In presenting the story of the patriarchs and the righteous men and women of the Old Testament, the Letter to the Hebrews highlights an essential aspect of their faith. That faith is not only presented as a journey, but also as a process of building, the preparing of a place in which human beings can dwell together with one another.

The first builder was Noah who saved his family in the ark (Heb 11:7). Then comes Abraham, of whom it is said that by faith he dwelt in tents, as he looked forward to the city with firm foundations (cf. Heb 11:9-10).

With faith comes a new reliability, a new firmness, which God alone can give. If the man of faith finds support in the God of fidelity, the God who is Amen (cf. Is 65:16), and thus becomes firm himself, we can now also say that firmness of faith marks the city which God is preparing for mankind.

Faith reveals just how firm the bonds between people can be when God is present in their midst.

Faith does not merely grant interior firmness, a steadfast conviction on the part of the believer; it also sheds light on every human relationship because it is born of love and reflects God’s own love. The God who is himself reliable gives us a city which is reliable.

Precisely because it is linked to love (cf. Gal 5:6), the light of faith is concretely placed at the service of justice, law and peace.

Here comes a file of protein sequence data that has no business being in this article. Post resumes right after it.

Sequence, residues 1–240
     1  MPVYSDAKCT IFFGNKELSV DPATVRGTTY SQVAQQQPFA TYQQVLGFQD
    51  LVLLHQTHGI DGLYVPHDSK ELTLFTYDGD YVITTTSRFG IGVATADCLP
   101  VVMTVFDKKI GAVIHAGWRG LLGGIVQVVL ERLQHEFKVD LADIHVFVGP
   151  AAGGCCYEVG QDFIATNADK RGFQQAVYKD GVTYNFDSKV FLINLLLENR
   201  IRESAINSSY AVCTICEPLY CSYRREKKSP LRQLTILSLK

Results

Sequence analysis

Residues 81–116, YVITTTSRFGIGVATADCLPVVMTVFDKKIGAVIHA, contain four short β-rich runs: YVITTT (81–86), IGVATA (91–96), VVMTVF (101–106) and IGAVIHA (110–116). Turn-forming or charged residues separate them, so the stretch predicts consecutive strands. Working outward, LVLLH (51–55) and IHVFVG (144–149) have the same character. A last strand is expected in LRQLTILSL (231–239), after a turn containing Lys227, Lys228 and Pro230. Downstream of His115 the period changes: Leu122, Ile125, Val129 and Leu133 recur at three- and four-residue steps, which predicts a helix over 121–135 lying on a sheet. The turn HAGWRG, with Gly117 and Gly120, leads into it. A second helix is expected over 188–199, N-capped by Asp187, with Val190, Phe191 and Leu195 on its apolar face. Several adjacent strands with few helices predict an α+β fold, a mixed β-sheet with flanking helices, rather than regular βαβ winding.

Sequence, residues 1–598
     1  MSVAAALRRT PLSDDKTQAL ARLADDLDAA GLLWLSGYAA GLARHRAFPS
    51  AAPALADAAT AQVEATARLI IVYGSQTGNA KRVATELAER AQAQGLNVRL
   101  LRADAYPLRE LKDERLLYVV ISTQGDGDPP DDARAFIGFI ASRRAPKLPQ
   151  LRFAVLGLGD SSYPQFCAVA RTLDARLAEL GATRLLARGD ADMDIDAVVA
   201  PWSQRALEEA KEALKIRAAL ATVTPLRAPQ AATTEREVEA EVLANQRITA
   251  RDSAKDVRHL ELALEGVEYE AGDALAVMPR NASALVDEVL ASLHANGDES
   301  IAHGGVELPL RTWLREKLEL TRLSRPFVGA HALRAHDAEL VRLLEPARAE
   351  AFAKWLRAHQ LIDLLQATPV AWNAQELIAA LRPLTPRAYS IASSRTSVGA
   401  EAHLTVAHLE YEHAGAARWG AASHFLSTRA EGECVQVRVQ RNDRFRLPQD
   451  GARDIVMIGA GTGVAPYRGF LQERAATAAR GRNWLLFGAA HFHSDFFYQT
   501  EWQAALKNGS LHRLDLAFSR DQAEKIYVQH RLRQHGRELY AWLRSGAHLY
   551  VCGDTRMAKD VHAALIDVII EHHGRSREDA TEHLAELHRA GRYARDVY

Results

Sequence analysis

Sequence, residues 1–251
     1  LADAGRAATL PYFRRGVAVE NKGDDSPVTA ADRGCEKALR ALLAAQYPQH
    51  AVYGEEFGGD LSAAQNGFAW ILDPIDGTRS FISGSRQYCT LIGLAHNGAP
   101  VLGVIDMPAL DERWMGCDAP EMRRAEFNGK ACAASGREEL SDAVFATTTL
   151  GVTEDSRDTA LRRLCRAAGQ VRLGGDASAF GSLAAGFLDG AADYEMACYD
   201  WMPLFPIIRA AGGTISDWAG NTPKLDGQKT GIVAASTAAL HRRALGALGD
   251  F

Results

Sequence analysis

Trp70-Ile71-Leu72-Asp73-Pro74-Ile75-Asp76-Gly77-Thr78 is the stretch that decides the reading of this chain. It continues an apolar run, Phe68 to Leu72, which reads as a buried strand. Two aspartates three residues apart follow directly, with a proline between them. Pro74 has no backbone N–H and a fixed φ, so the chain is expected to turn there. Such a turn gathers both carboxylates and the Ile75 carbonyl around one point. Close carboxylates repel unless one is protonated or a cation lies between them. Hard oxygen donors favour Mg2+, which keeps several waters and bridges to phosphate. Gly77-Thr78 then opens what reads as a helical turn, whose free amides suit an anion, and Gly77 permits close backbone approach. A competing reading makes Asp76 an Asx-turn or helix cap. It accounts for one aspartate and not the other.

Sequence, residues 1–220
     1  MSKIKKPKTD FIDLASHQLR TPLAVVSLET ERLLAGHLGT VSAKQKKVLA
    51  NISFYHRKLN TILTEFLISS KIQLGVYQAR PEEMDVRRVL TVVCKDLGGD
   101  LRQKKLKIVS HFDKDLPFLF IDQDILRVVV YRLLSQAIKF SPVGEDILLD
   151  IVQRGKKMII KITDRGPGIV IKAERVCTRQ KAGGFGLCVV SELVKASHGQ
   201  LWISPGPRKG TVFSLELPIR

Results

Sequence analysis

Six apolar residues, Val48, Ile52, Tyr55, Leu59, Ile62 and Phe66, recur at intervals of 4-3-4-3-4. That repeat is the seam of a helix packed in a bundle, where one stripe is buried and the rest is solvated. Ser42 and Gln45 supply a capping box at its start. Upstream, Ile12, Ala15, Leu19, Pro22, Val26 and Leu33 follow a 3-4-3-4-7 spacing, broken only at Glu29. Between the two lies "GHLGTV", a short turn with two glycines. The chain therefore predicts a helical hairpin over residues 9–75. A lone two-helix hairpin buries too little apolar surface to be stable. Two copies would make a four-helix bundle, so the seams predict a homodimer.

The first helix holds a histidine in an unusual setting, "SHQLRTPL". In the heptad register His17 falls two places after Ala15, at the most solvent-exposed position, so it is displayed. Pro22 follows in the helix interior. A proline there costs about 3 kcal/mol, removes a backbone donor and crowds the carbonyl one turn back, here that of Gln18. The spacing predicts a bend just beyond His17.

Faith is born of an encounter with God’s primordial love, wherein the meaning and goodness of our life become evident; our life is illumined to the extent that it enters into the space opened by that love, to the extent that it becomes, in other words, a path and praxis leading to the fullness of love.

The light of faith is capable of enhancing the richness of human relations, their ability to endure, to be trustworthy, to enrich our life together.

Faith does not draw us away from the world or prove irrelevant to the concrete concerns of the men and women of our time.

Without a love which is trustworthy, nothing could truly keep men and women united. Human unity would be conceivable only on the basis of utility, on a calculus of conflicting interests or on fear, but not on the goodness of living together, not on the joy which the mere presence of others can give.

Faith makes us appreciate the architecture of human relationships because it grasps their ultimate foundation and definitive destiny in God, in his love, and thus sheds light on the art of building; as such it becomes a service to the common good.

Faith is truly a good for everyone; it is a common good. Its light does not simply brighten the interior of the Church, nor does it serve solely to build an eternal city in the hereafter; it helps us build our societies in such a way that they can journey towards a future of hope.

The Letter to the Hebrews offers an example in this regard when it names, among the men and women of faith, Samuel and David, whose faith enabled them to ‘administer justice’ (Heb 11:33).

This expression refers to their justice in governance, to that wisdom which brings peace to the people (cf. 1 Sam 12:3-5; 2 Sam 8:15).

The hands of faith are raised up to heaven, even as they go about building in charity a city based on relationships in which the love of God is laid as a foundation.


This article can be found in Mirror 0218.